the pie trio, part 2: spinach and cheese pie

We’ve made leek and cheese pie already; we’ll make the spinach filling today.

You can use either fresh or frozen spinach.  I had frozen so that’s what I used, but the method is the same either way.

Put the spinach in a nonstick pan with a little spritz of olive oil and let it soften.

Transfer the cooked spinach to a colander to drain.  Sprinkle the salt on the spinach and let it rest for about ten minutes.   The salt will help draw excess water out of the spinach.

Squeeze the spinach outside the colander into the sink, allowing the water to run out of your hands.  The volume of the spinach should reduce by over half.  It’s important to do this to avoid soggy spinach pie.

In a clean bowl, combine the spinach, dill, and cheeses.

Stir to incorporate everything.

Form the phyllo spirals following the instructions on the leek and cheese pie post.

Bake them for about 20 minutes until golden brown and cripsy!

Spanakotyropitakia Strifta | Spiral spinach and cheese pies
makes 8 small pies

4 cups spinach, fresh or frozen, stemmed, washed
1 tsp table salt
1 tbsp dried dill or 1/4 cup fresh dill
1/3 cheese for pies (see below)
1/3 package phyllo dough
olive oil for spraying

1.  Spray a non-stick pan with olive oil lightly.  Add spinach leaves.  Allow to soften.  Drain in colander.   Sprinkle with salt and allow to rest 10 minutes.

2.  Squeeze spinach with hands to remove as much water as possible.

3.  In a bowl, combine spinach with dill and cheese.

4.  Preheat oven to 180 C / 350 F.  Cover a baking sheet with wax paper and spray with oil.  Form phyllo spirals:   cut phyllo in half lengthwise.  Put 1/8 of filling on each sheet along the bottom long edge, and roll up.  Coil the roll around itself to form a spiral.  Place spirals on wax paper and spray with olive oil.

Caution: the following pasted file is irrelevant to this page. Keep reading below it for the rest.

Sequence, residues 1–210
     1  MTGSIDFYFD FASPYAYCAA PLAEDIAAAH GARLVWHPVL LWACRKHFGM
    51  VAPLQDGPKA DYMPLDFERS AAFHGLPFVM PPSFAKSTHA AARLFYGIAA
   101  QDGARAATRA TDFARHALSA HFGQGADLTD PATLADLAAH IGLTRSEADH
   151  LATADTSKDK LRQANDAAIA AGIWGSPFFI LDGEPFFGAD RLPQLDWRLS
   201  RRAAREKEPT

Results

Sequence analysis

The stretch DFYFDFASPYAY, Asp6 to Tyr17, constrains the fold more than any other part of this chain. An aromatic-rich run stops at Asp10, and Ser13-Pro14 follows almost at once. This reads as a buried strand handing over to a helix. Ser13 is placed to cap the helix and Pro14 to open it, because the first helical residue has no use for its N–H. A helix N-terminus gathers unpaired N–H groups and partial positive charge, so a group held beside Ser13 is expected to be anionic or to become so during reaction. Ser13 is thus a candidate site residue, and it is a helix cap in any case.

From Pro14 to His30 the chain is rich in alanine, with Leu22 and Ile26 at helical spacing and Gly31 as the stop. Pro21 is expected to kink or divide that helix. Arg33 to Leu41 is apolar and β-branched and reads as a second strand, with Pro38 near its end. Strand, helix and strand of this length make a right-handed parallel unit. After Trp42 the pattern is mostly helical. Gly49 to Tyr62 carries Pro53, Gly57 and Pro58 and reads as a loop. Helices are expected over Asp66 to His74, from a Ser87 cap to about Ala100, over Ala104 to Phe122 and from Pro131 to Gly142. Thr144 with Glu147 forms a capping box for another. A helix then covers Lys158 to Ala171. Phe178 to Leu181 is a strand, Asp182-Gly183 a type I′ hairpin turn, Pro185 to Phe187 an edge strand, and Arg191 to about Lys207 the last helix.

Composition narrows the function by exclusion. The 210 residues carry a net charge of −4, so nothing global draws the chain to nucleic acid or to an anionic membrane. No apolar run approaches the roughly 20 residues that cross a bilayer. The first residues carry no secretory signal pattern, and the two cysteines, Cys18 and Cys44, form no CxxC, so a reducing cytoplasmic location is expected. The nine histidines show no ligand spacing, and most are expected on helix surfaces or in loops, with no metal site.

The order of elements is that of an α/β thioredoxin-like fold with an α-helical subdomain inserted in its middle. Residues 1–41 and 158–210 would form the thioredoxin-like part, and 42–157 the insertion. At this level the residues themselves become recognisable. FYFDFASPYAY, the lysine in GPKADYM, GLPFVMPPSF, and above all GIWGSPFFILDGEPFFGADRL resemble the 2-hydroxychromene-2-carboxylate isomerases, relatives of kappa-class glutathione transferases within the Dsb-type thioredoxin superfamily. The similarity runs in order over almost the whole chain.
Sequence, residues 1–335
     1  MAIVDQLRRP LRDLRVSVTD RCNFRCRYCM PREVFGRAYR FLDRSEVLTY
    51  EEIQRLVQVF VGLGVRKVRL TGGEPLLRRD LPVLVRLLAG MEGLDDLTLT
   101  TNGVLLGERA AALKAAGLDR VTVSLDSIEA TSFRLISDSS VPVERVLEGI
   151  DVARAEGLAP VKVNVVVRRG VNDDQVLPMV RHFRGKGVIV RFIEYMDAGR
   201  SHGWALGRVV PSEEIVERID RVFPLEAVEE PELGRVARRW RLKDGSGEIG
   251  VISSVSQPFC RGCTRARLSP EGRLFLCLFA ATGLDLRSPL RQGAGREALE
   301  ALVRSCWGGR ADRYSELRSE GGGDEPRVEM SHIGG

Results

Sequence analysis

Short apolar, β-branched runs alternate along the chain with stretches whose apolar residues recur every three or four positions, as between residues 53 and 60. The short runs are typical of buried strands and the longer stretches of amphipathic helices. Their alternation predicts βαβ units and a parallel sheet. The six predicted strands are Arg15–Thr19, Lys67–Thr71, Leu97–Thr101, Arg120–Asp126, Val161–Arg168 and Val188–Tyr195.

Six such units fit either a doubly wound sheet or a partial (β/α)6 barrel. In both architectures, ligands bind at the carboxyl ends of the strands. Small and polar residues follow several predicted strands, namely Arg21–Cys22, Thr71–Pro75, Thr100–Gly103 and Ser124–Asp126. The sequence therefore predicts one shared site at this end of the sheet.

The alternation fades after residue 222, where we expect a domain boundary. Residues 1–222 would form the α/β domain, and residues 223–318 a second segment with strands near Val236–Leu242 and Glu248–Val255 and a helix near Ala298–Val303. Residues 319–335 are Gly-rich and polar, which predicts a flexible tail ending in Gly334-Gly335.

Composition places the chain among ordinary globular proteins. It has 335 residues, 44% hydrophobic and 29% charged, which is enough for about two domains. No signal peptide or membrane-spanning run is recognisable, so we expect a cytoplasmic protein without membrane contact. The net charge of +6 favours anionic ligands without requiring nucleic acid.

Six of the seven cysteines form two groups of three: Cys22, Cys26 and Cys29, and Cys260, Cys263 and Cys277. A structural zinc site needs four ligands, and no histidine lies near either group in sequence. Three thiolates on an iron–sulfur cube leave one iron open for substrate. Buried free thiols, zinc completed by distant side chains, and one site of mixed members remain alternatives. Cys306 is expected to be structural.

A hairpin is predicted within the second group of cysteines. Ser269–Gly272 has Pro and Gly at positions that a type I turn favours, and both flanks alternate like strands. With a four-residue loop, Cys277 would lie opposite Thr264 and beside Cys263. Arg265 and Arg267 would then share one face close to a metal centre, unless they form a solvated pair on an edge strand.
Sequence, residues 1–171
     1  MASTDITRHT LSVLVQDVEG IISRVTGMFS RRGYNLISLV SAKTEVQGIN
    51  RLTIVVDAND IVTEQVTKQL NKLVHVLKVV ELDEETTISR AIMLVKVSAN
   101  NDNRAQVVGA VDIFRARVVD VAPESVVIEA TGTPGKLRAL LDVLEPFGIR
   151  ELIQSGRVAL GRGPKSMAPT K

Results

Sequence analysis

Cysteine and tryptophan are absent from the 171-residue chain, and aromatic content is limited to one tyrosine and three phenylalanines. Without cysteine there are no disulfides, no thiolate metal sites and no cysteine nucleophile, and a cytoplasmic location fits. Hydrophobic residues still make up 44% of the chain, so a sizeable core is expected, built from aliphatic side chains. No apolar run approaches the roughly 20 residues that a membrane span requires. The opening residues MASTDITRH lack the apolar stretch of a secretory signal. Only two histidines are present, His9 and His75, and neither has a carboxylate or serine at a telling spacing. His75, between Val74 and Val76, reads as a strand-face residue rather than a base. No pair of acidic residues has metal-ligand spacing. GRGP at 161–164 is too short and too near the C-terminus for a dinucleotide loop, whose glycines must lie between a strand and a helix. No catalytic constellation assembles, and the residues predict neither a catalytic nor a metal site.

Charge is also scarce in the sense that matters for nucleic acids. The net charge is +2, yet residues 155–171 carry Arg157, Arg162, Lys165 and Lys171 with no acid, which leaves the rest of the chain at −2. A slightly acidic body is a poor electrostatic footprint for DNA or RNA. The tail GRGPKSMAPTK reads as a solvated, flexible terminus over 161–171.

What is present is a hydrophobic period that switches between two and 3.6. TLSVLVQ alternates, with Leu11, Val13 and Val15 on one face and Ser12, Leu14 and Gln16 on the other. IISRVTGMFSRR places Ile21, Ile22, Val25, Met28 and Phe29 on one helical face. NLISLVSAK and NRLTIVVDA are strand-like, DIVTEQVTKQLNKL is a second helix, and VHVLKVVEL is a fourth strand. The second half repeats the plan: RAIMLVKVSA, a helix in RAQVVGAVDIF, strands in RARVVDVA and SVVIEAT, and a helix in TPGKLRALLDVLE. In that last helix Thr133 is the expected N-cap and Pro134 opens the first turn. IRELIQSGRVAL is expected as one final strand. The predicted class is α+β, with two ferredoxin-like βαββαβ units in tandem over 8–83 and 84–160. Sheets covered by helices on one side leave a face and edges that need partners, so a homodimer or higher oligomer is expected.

5.  Bake at 180 C / 350 F for 20 minutes or until lightly golden brown in color and crispy.  Allow to rest 15 minutes before serving.

Note:  if not making other kinds of pies at the same time, triple the spinach and dill, double the salt, and use all the phyllo and cheese.

More detailed instructions on how to form phyllo spirals here.

Cheese for pies
makes enough for 24 small pies

140g feta cheese or lefko tyri
160g anthotyro or ricotta cheese
40g shredded parmesan or myzithra cheese
1/4 cup milk (lowfat or skim is fine)

To make cheese sauce, combine all ingredients and mash together.

Nutritional Information:
per serving, i.e., per 1/8 of this recipe including cheese

97 calories
3g fat (2g saturated, 1g unsaturated)
1g carbohydrate
3g protein
0g dietary fiber
9mg cholesterol (3% DV)
114mg sodium (5% DV)
113mg potassium (3% DV)
22% DV of vitamin A

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mixed greens pesto with walnuts

Pesto is pretty popular in our house.  There’s something very satisfying about a plate of pasta with pesto.  My favorite pestos are the ones that have depth of flavor, that are not just oily basil goop.  This is a bright and cheery pesto that comes together well before the pasta has boiled, from a few simple ingredients.

Start by putting your water on to boil for your pasta.  You can use any pasta shape you like.  I went with the braided pasta plexoudes because I love it.

Fresh spinach and arugula form the base of this pesto, in a 4:1 ratio.  Frozen won’t work here.

Put half of your cleaned and stemmed spinach and arugula into a food processor with 1 tbsp olive oil.   Process.  Add the rest of the spinach and arugula with another tbsp of olive oil.  Process.

Add the walnuts with another tbsp of olive oil.  Process.

Add the myzithra or parmesan.  Process again.

Add garlic to taste – because the garlic is raw, I just used one clove, and process a final time.  Your pesto is ready!